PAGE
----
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Please Ask, Do Tell: The Senate And Gays in the Military September 23, 2010

Posted by legalethicsemporium in Gays in the Military, Immigration, Law, Ethics & Society, U.S. Constitution.
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Another case of democracy in action. (Or is that inaction?)  The Don’t Ask Don’t Tell policy of allowing gays in the military only if no one knows that they are gay has been the subject of controversy since it was instituted 17 years ago.  It is estimated that at least 65,000 “uncover” gay individuals continue to serve our country.  However, gay soldiers continue to be expelled from the military when their sexual preference is discovered at a cost of hundreds of millions of dollars to train their replacements.   In fact, it has been reported that approximately 1,000 individuals per year are dismissed from the military based upon homosexuality and at least 13,000 have been terminated from military service since the policy went into effect.

The resolution of this issue by a policy change which would allow gays to openly serve in the military is supported by President Obama who called for the change in his State of the Union address.  Mr. Gates, the Secretary of Defense, is supporting the repeal of the policy and  the House of Representatives passed an amendment in May which calls for the repeal of the policy.  On September 9th, a Federal Court in California deemed the Don’t Ask Don’t Tell policy to be unconstitutional.

Okay, so seems like we have all three branches of government in agreement…Well, not quite all three branches….The Congress is not united on the issue.  The House of Representatives passed an amendment, but the Senate has failed to do so.  Actually, the Senate failed to debate and pass the entire Pentagon bill for the first time in 48 years.   It seems that the problem was more of a political battle over what other amendments were going to be attached to the bill, just before the November elections, rather than  the actual issue of gays in the military.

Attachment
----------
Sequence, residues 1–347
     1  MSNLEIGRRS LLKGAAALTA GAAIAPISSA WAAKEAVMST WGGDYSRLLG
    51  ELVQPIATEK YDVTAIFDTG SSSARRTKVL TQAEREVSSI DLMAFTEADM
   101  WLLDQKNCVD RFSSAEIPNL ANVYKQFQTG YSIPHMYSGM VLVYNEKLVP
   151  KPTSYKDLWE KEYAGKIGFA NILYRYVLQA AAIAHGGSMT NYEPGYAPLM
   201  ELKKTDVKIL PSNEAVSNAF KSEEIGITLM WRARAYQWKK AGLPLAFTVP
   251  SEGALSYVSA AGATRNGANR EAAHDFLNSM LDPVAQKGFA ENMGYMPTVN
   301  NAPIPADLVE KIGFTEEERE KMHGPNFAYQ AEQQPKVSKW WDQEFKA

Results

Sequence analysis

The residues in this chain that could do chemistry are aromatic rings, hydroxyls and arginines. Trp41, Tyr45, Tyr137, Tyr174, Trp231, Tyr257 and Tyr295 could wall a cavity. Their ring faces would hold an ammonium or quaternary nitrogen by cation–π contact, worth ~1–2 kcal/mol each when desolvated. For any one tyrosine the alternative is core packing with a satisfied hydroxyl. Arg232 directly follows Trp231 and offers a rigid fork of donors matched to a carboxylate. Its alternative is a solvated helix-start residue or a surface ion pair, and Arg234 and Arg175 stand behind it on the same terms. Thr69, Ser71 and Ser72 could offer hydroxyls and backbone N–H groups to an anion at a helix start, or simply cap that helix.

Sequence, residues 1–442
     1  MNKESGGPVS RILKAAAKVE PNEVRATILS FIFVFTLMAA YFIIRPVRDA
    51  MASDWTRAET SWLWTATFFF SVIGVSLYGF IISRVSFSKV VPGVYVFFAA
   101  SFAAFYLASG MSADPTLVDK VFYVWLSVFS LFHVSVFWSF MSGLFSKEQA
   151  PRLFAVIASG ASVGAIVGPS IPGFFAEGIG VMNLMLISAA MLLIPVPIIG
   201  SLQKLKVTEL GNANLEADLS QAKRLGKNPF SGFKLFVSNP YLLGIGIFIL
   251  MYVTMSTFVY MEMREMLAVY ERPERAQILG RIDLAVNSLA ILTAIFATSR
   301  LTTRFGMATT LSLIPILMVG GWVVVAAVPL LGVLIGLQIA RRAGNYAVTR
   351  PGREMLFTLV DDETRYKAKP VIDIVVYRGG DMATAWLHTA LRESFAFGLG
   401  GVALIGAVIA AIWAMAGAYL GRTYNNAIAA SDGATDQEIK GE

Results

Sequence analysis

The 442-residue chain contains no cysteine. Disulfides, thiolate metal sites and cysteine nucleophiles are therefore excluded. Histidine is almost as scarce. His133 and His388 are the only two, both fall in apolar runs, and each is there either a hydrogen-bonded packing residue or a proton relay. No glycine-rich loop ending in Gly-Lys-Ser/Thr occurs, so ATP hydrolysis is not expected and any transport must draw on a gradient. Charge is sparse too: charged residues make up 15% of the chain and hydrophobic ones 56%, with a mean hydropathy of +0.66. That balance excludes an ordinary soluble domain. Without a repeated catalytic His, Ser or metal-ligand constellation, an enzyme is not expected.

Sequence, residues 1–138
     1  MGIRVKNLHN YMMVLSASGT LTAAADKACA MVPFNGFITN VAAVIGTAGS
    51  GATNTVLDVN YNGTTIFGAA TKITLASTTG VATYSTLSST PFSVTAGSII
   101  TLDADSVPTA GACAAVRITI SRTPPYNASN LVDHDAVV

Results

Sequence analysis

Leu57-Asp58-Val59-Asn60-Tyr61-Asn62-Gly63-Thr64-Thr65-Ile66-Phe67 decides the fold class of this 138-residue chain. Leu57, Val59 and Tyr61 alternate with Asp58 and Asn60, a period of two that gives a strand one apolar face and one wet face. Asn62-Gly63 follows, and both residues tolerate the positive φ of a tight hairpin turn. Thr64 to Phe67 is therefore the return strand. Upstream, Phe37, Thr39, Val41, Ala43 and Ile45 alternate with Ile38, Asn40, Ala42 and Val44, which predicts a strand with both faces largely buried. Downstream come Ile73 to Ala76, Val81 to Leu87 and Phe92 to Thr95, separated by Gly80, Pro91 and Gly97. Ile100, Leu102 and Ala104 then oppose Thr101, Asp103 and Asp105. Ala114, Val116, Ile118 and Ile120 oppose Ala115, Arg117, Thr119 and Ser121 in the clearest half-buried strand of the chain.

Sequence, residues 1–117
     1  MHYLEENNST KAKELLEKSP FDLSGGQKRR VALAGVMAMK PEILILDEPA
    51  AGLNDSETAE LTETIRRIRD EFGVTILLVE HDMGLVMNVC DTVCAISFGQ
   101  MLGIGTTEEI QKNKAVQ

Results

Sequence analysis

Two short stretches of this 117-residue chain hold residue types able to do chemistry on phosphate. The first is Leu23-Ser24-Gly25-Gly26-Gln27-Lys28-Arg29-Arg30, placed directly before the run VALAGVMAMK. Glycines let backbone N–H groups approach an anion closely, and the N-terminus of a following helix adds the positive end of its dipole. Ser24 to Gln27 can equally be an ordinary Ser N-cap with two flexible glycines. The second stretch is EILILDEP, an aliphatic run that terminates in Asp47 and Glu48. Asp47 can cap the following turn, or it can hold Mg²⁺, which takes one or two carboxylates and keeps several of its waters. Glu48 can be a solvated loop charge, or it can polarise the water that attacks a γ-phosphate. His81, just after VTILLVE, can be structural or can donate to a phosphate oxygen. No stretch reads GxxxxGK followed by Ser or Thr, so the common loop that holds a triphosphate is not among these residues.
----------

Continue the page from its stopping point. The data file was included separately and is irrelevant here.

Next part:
In other words, the failure of the bill to pass seems to be largely a result of the legislative process. For example, The Dream Act, that would allow illegal immigrant children a pathway to citizenship, was going to be attached to the bill and therefore voting for the repeal of the Don’t Ask Don’t Tell Policy would also be a vote for The Dream Act. Different issue and perhaps one upon which some Senators did not want to cast a vote.   And apparently there were  proposed amendments that were going to be excluded from the bill to the discontent of some Senators.   Additionally, there was a provision providing for over 400 million dollars for construction of  an extra engine for an F-35 strike fighter.  That provision might have been passed by the Senate, but if it was included, President Obama was poised to veto bill as the White House believes that it is an unnecessary expenditure.

It gets even more complicated if you go through all the moving parts of this bill and analyze the various November election concerns, but the point is that the politics of the legislative process is what often stymies progress.  Consensus becomes difficult at best and impossible at times because of a process that bundles unrelated issues into one package.  So, for now, the repeal of the Don’t Ask Don’t Tell policy has been stalled in the Senate along with the Dream Act to the frustration of the both the gay rights and immigration reform advocates.   Perhaps we should all “please ask and do tell” the Senate to reconsider its “packaging process” to more effectively play its  role in  resolving issues of concern to all of us–We the People–their constituents.